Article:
Scars positioned on the lower part of the breast usually heal very well. The length of the scar tends to be proportional to the amount of breast tissue removed; the larger the breast reduction, the longer the scars.
Hypertrophic scarring occurs when excess scar tissue forms. The scar typically becomes red, raised, firmer and wider. This can be distressing for patients but is often genetically determined.
Hypertrophic scars are initially treated by regular massage and the application of pressure. This can be combined with a series of intralesional cortisone injections. In severe cases of hypertrophic scarring, surgical excision followed by local irradiation may be necessary.
Excess skin can sometimes gather at the lower aspect of the vertical scar or at both ends of the horizontal scar. This is known as a ‘dog ear’. These can be surgically excised if they are very prominent or if a patient finds them uncomfortable or unsightly.
Finally, all scars may stretch and become wider, warranting surgical revision to improve their appearance.
As with all breast operations, a small amount of residual asymmetry is inevitable, as no two breasts are entirely identical.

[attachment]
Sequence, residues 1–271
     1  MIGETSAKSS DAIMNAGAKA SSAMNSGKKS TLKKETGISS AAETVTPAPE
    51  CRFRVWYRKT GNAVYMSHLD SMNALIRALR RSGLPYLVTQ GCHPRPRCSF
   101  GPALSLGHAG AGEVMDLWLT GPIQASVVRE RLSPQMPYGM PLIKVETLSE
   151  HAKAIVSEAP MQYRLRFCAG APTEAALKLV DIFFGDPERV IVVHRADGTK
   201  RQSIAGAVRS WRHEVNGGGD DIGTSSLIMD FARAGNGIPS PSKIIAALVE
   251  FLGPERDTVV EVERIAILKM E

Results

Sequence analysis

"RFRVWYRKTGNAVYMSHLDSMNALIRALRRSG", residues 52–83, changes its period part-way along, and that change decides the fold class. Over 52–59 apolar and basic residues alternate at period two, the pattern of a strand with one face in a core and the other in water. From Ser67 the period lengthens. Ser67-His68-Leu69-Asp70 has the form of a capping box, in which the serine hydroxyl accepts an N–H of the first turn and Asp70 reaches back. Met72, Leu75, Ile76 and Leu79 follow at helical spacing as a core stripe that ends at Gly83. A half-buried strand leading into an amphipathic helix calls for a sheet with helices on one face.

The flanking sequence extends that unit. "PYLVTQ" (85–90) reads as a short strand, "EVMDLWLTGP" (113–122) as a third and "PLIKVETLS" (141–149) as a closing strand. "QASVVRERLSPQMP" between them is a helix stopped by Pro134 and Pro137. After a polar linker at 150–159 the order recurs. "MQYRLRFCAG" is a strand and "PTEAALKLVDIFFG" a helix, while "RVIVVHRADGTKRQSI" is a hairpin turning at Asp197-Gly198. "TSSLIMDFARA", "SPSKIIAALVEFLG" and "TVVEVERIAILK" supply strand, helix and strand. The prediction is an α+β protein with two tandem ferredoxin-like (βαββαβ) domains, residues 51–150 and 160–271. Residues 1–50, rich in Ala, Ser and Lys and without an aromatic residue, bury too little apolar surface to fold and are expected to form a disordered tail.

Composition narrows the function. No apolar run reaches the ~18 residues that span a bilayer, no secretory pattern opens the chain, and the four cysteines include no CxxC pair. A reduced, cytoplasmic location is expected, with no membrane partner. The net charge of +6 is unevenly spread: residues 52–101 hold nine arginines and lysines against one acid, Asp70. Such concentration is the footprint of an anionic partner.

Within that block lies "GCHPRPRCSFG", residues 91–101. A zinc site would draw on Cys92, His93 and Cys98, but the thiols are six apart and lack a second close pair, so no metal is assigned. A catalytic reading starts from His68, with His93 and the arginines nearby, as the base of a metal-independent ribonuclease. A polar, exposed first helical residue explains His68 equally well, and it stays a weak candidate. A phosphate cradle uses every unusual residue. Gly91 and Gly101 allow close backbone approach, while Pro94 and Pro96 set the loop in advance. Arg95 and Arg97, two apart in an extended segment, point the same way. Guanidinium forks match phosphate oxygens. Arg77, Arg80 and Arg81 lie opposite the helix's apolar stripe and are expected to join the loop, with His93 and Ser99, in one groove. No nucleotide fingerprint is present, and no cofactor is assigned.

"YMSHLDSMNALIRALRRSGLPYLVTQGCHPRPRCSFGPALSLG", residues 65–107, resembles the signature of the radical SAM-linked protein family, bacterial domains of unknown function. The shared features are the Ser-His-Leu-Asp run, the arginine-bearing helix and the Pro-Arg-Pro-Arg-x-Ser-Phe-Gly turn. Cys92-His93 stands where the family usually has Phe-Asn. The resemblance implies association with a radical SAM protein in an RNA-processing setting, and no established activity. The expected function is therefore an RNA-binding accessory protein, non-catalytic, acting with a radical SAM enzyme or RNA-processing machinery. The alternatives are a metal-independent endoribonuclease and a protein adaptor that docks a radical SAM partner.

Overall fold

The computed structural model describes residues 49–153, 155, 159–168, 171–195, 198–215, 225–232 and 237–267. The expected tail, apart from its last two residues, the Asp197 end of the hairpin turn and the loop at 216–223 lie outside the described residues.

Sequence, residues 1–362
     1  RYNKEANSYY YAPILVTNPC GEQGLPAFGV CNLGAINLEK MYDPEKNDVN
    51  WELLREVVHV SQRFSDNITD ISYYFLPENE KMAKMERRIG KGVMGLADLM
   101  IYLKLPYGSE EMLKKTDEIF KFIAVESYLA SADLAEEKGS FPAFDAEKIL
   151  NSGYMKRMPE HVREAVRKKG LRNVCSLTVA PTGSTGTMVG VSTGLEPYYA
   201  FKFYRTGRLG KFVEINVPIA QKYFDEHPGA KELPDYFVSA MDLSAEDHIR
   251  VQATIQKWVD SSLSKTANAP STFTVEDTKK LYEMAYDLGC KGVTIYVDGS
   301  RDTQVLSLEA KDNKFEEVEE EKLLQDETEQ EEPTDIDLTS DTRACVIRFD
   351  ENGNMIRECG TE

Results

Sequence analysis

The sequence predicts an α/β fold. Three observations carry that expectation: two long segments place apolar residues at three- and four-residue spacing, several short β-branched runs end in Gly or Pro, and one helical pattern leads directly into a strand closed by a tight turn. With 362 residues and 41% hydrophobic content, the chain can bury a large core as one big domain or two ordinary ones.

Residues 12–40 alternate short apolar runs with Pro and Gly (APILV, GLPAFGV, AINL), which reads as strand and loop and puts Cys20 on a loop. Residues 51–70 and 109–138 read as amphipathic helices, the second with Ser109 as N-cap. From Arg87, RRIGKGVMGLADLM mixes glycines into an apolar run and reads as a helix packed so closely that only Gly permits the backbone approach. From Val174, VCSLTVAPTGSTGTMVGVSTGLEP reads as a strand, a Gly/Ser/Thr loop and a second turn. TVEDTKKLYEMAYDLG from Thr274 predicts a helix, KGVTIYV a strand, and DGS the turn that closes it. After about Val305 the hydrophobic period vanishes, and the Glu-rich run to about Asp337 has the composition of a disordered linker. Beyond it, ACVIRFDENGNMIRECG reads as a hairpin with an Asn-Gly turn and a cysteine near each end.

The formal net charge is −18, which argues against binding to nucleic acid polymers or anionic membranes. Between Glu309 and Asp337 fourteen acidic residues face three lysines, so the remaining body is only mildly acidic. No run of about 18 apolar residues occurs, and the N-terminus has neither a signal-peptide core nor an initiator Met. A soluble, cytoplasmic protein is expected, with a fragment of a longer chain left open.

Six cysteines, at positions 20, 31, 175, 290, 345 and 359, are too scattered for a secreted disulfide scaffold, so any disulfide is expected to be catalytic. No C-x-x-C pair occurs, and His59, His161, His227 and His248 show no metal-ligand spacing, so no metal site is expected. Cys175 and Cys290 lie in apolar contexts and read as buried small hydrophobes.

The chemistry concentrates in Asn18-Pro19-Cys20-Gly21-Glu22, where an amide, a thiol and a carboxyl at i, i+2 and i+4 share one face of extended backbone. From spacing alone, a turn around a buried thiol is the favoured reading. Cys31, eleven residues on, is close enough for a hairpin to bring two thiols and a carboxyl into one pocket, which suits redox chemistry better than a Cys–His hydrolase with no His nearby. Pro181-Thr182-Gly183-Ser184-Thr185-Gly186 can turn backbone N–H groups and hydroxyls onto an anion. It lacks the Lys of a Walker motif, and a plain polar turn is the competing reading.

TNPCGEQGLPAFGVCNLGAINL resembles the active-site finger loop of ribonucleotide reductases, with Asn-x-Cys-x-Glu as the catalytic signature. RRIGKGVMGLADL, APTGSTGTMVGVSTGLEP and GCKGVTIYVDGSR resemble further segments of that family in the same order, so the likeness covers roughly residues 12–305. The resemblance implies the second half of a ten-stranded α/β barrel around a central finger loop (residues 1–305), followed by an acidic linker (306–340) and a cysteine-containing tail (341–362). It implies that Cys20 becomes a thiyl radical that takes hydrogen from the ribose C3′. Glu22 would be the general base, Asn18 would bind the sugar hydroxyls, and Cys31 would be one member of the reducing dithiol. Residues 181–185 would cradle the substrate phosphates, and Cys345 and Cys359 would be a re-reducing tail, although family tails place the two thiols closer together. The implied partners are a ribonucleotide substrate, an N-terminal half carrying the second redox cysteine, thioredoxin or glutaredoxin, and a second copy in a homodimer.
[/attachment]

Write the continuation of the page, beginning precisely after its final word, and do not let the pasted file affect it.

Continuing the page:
Any asymmetry may be related to the breast volume or shape. If there is a volume difference, this can be corrected by reducing the larger breast or by augmenting the smaller breast. The breast shape can be improved by resecting limited amounts of skin or by moving the position of the nipple/ areolar complex.
If the nipple/ areola complex ends up being positioned too high or too low on the breast mound, it reflects poor pre-operative planning. An areola that is too low can easily be corrected, using the same scars that were used for the breast reduction. However, an areola that has been placed too high is a much more difficult problem to correct. Lowering the areolar can leave significant scars that are visible when wearing a bikini or low cut top.